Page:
Lion's Tail

Musei Civici Veneziani, Venice, Italy
Gift of Claes Oldenburg and Coosje van Bruggen
Temporarily installed at the Museo Correr, Venice, Italy, in the Piazza San Marco, 1999

Stainless steel, aluminum, wood, fiber-reinforced plastic, expanded polystyrene; painted with polyurethane enamel, nylon
18 1/2 x 15 x 4 ft. (5.6 x 4.6 x 1.2 m)

Installed 1999


Lion's Tail, 2001


Statement by the Artists

After Il Corso del Coltello, we did not engage the Venetian landscape again until the summer of 1999, when we returned for an exhibition at the Museo Correr. The museum, situated in a palace that was originally built to welcome Napoleon, faces the expansive Piazza San Marco, the center of city activity. Asked to create a "monument" to set off the exhibition against the repetitive columnar architecture of the square, we thought about some form of banner, which, by association, became a "tail," probably because of a recent series of drawings of Shuttlecock/Sphinxes, in which the tail is a prominent graphic element.

Lion's Tail, 1999 Since the site was Venice, the tail became that of its symbol, the lion – such as the one on top of a column at the opposite end of the Piazza. The "lion" at our end would appear to be inside the museum, with only its tail hanging out of a second-floor window.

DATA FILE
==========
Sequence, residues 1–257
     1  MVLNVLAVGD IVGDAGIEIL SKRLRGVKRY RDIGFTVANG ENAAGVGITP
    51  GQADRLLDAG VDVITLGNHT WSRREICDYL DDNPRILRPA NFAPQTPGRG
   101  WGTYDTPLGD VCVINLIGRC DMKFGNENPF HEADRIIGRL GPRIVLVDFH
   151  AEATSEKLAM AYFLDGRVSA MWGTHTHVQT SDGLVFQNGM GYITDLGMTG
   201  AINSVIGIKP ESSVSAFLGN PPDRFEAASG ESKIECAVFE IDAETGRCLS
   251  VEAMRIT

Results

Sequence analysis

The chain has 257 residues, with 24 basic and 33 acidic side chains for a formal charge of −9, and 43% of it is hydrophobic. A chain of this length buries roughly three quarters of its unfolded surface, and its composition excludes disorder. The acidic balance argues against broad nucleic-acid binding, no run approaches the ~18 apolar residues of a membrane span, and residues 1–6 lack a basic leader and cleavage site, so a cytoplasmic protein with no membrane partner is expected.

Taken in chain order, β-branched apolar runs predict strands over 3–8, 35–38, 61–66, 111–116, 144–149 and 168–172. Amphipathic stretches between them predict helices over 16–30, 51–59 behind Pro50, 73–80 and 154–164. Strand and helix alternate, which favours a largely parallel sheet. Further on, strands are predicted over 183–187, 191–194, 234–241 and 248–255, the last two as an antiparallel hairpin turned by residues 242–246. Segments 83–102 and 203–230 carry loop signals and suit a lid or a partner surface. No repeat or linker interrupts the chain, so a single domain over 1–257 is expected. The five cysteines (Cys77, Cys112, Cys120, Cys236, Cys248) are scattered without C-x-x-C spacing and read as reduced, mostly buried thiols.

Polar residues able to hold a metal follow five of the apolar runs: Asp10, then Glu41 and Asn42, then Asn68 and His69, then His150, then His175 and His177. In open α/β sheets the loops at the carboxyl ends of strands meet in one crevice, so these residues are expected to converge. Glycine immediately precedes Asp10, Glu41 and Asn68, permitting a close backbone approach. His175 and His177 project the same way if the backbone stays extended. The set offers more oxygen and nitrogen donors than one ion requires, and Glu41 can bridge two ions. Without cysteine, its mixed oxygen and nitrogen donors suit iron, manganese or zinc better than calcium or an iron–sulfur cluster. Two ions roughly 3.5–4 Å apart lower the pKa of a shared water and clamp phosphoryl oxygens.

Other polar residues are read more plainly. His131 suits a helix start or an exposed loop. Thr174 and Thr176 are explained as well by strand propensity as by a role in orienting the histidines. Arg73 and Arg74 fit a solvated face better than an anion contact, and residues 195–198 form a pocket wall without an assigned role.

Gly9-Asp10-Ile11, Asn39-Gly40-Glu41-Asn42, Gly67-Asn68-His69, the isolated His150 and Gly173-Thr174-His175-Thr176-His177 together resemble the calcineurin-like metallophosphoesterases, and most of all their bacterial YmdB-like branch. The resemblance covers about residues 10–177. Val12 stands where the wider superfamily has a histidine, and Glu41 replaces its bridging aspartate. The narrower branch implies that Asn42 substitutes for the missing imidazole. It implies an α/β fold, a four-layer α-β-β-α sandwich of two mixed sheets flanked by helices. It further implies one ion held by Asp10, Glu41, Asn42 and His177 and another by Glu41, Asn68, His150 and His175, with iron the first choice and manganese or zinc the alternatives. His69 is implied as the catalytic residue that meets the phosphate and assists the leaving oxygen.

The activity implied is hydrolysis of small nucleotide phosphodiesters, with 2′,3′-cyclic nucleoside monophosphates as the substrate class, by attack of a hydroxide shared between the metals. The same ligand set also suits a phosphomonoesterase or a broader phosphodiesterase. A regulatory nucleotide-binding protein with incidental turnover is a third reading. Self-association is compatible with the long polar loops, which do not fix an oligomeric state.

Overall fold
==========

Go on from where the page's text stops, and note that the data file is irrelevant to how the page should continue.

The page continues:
The Lion’s Tail, a little over 18 feet long, was constructed out of hollow, curved segments of painted aluminum, culminating in a cluster of hundreds of canvas strips in different shades of brown and ocher. To shape the strips we engaged a professional coiffeur, who trimmed them into a brushy tuft, designed to dangle and occasionally sway in the breeze over the heads of tourists and other passersby.


Lion's Tail, 1999 Sphinx Fragments on a Playing Field, 1997 Garden Sculpture in the Form of a Shuttlecock/Sphinx, 1994





 


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